Food companies have been battling rising costs and an economic recovery that has underwhelmed. As a result, a business like health and wellness company Nestle (NASDAQOTH:NSRGY), despite its large size, has had to be agile in its response to the new normal. The stock has lagged the broader market, and sales have missed the mark. So how does Nestle compare to its rivals, and is it doing enough to sweet talk investors back to its coffers? Let's take a look.
Amid a host of challenges, not the least of which has been declining market share, Nestle is streamlining its operations. The effort has been ongoing for months, but it's not over. In fact, with its broad brand portfolio, Nestle is only now beginning to resemble the company it wants to be.
The industry has been hit by higher food costs and a strapped consumer, the latter of whom has less spending money these days. Indeed, in a recent interview with CNBC, Nestle's Paul Grimwood, chairman and CEO of the company's U.S. operations, suggested that discretionary incomes are perched 11% to 12% below year-end 2007 levels.
At Nestle, efficiency prevails
Nestle has been able to hold off on passing rising expenses on to consumers by way of price increases thanks to relief in certain commodities coupled with more efficient operations at Nestle, which has helped it to remain competitive. One reason why is the company is intent on reducing its capital expenditures, which it reserves for property, plants, and equipment investments. Last year its capex as a percent of sales declined by 6 percentage points to 5.3%.
That doesn't mean that future acquisitions are off the table. Nestle's Grimwood on CNBC noted how the company hunts acquisition and "disposal" targets on an ongoing basis. The latest in string of assets to go, however, was its Juicy Juice brand, which the company recently sold to private equity firm Brynwood Partners for an undisclosed sum. It is unclear what Nestle will do with the proceeds, although it has promised shareholders a stock buyback that has yet to occur.
The Juicy Juice divestiture isn't the first sale to occur of late, as the company recently unloaded other underperforming assets in hopes of driving profits higher. Here's a look at some of some of the brands that Nestle has sold either entirely or partially:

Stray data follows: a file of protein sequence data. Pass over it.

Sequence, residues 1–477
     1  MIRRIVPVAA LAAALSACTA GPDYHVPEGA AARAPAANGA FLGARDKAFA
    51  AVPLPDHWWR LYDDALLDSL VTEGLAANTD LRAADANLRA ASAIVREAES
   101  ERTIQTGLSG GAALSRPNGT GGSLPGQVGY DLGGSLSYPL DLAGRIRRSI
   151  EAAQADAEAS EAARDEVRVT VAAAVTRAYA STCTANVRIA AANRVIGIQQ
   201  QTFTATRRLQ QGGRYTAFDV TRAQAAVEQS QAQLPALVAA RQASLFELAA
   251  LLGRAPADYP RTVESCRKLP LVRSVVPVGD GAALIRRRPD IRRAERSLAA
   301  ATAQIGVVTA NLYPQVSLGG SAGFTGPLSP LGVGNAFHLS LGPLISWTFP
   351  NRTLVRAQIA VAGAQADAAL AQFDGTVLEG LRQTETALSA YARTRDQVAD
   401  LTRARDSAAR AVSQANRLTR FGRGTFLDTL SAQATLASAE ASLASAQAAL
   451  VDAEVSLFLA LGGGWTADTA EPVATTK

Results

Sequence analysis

|Divested asset||Sale Details|
|Givaudan (fragrances and flavors business)||Sold 10% in late 2013|
|Jenny Craig||Sold across certain geographies in late 2013|
|Plancoet, Val St Lambert, and Carola (French regional bottled water brands)||All three brands sold to multiple buyers since July 2013|
|Peters Ice Cream (Aussie brand)||Sold to Pacific Equity Partners in 2012|
One of the businesses you won't find on the list any time soon is Nestle's instant coffee Nescafe brand, which according to The Wall Street Journal it believes can thrive despite uneven sales from the category across geographies. Nescafe is huge for the company, bringing in $13 billion, or more than half of sales in its single-largest business segment, powdered and liquid beverages. Nestle, however, has in a way cannibalized sales of its Nescafe instant coffee with its Nespresso espresso machine, which rivals Keurig Green Mountain's K-Cup technology and whose core market is in Europe.
Hershey in its first quarter reported disappointing sales results and exposed some cracks in overall efficiency. The company saw a decline in adjusted gross margin of 10 basis points in part due to rising costs. Meanwhile, selling, marketing, and administrative costs rose by 4%, which was less than expected but represents a trend that will persist this year as the company invests in product innovation (including the return of the full-size Krackel bar in addition to the availability of Reese's Peanut Butter Cups in Brazil).
For its part, Mondelez in the midst of merging its coffee business with D.E. Master Blenders 1853 recently launched a restructuring effort that it expects will lead to cost savings $3.5 billion through 2018.
Nestle shares are only up 6.3% year to date, and while returns lag the broader market, they're reasonable in light of the performance of the group. Mondelez shares are up a slightly better 7.6% for the same period, but shares of Hershey have come under the most pressure, down nearly 1%. Nestle also offers long-term value at a P/E of 19.6 compared to 23.5 and 22 for Hershey and Mondelez, respectively.
For Nestle, analysts are projecting earnings per share of $3.38 and $4.20 in 2014 and 2015, respectively. This compares with basic earnings per share of CHF 3.14 ($3.51) in 2013. Revenue is expected to grow 6% and 5% this year and next, respectively.
It's very much still a turnaround period for Nestle. But the company's ability to stay focused on its goal of shedding underperforming businesses and focusing on those segments that can drive higher profitability should pay off. Nestle is in the middle of the pack of its peers, and considering the headwinds that's not such a bad place to be. It might be slightly premature to pile in before there's more evidence of growth in the cards, but it's one to watch for sure.